How not to take a taxi in Cuba

We were sightseeing on our last morning in Havana, Cuba after spending a week of meetings and travel.

All week we had seen El Morro lighthouse and castle across the harbor and finally we found time to visit.

From our hotel, we hailed a government-approved taxi which drove us in a nice little Russian car to the parking lot of El Morro and promised to return in two hours to take us back to the hotel.

Promised. No problemo.

The tour went great. The hosts inside were friendly and helpful.

We bought a few trinkets and then headed out to the parking lot to wait for our promised hotel.

Yes, we knew the chances of him returning weren’t great but we didn’t have a backup plan so we waited.

Then three young Cuban men approached us. “Do you want souvenirs?” They pulled out a silver coin. “See? Che Guevera coin.”

My husband, no great historian unless it involves World War II fighter planes, shrugged.

“He’s a great man,” the young man insisted.

“Not interested.”

So the three men stepped away but stretching your neck and looking far down the street is probably a universal language. They quickly deduced we were waiting for a car.

“Do you need a ride? We have car. Cheap ride. Only $10.”

We’d paid $6 for the government-approved ride over so my husband wasn’t paying $10 to these guys. They tried to negotiate but finally agreed on $6.

The windows of the car were all rolled down and the driver rushed ahead to open the door. That was because you couldn’t use the outside handles. Clue one.

We climbed in and buckled up. There were no liners on the door panels and we could see all the rods running to locks and windows. We kept our hands to ourselves.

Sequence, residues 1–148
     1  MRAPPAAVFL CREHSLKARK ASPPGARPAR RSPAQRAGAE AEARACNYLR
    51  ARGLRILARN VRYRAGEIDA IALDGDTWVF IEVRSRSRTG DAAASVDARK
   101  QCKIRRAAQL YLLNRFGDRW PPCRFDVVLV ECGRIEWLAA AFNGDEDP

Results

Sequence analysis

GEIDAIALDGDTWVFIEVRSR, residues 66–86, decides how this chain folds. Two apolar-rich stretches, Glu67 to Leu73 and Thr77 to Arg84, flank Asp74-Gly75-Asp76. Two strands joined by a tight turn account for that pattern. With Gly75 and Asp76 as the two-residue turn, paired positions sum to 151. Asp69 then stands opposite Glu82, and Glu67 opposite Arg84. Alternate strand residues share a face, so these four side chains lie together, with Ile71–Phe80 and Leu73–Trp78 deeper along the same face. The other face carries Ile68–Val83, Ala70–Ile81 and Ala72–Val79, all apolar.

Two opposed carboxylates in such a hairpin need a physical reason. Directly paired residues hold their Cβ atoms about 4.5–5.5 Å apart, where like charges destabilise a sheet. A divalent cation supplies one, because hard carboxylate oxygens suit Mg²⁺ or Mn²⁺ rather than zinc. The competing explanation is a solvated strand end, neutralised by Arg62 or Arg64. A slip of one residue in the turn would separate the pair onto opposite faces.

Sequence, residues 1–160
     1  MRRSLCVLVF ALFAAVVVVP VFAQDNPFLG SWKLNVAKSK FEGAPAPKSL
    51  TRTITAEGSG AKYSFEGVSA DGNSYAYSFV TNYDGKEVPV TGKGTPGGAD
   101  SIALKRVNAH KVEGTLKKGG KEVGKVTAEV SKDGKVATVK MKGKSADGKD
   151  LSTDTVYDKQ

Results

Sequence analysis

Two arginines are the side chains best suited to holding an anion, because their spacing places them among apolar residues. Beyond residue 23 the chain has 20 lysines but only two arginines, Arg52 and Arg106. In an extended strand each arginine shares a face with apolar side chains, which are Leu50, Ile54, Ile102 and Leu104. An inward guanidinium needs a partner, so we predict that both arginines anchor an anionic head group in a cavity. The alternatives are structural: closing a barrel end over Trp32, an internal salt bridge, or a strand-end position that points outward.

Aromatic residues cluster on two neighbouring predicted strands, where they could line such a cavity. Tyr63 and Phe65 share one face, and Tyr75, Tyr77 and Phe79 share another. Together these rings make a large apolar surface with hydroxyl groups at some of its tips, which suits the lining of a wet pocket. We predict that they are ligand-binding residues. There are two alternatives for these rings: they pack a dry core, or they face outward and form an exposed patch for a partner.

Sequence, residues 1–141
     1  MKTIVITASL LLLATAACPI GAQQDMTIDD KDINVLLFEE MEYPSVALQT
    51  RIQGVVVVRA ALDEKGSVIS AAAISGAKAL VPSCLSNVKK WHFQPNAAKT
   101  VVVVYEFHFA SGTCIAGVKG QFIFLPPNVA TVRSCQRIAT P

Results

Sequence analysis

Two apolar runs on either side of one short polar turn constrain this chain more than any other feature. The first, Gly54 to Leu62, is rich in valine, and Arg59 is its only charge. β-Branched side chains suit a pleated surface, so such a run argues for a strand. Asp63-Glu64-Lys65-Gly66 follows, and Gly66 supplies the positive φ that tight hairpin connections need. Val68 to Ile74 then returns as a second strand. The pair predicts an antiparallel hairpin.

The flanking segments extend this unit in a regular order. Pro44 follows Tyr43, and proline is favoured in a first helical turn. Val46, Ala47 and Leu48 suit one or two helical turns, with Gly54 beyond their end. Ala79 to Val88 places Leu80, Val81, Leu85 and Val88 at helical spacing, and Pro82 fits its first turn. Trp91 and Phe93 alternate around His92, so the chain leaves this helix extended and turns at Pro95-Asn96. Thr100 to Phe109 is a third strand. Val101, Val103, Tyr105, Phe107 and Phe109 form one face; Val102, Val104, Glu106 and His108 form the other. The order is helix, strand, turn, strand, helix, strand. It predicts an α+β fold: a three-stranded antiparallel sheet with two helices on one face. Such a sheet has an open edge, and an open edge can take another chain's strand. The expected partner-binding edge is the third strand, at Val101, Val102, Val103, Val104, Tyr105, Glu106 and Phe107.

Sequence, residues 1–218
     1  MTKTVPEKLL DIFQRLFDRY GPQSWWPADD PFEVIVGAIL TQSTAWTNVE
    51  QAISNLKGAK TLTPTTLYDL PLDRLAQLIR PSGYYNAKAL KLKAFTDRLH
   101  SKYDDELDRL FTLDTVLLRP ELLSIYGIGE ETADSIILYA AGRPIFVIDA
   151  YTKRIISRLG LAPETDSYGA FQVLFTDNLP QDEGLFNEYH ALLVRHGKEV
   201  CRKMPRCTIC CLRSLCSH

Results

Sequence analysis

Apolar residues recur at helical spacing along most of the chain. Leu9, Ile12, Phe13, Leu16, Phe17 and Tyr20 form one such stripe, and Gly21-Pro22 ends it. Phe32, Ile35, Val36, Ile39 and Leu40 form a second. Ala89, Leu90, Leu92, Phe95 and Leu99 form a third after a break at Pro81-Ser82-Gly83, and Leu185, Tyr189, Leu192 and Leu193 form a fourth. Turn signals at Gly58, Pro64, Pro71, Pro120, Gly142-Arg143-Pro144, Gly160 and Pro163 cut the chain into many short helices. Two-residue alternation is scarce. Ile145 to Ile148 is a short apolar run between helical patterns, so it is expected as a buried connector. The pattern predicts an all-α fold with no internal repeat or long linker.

The little car scooted down the highway and then dropped into a tunnel under the harbor. As the car began to descend, the driver pushed in the clutch and turned off the engine. We coasted nearly to the other end of the tunnel.

I’ll bet he saved a tenth of a gallon of gas with that trick. Clue two.

He started the engine once gravity threatened to stall him, downshifted, and went right through a stop sign. I don’t know what the speed limit was but our driver obviously didn’t care. We did stay on all four wheels.

He cruised up to our hotel, double-parked out front in the narrow street, and shut off the engine again. Another tenth saved.

He jumped out to open our doors because apparently the inside latch on the doors needed a secret twist before they’d open.

We paid him. In that country, he may have just made half a month’s wages.

We’d just taken a unlicensed taxi ride with an illegal driver in a foreign country and we actually still had our possessions.

Travel is quite an adventure, isn’t it?

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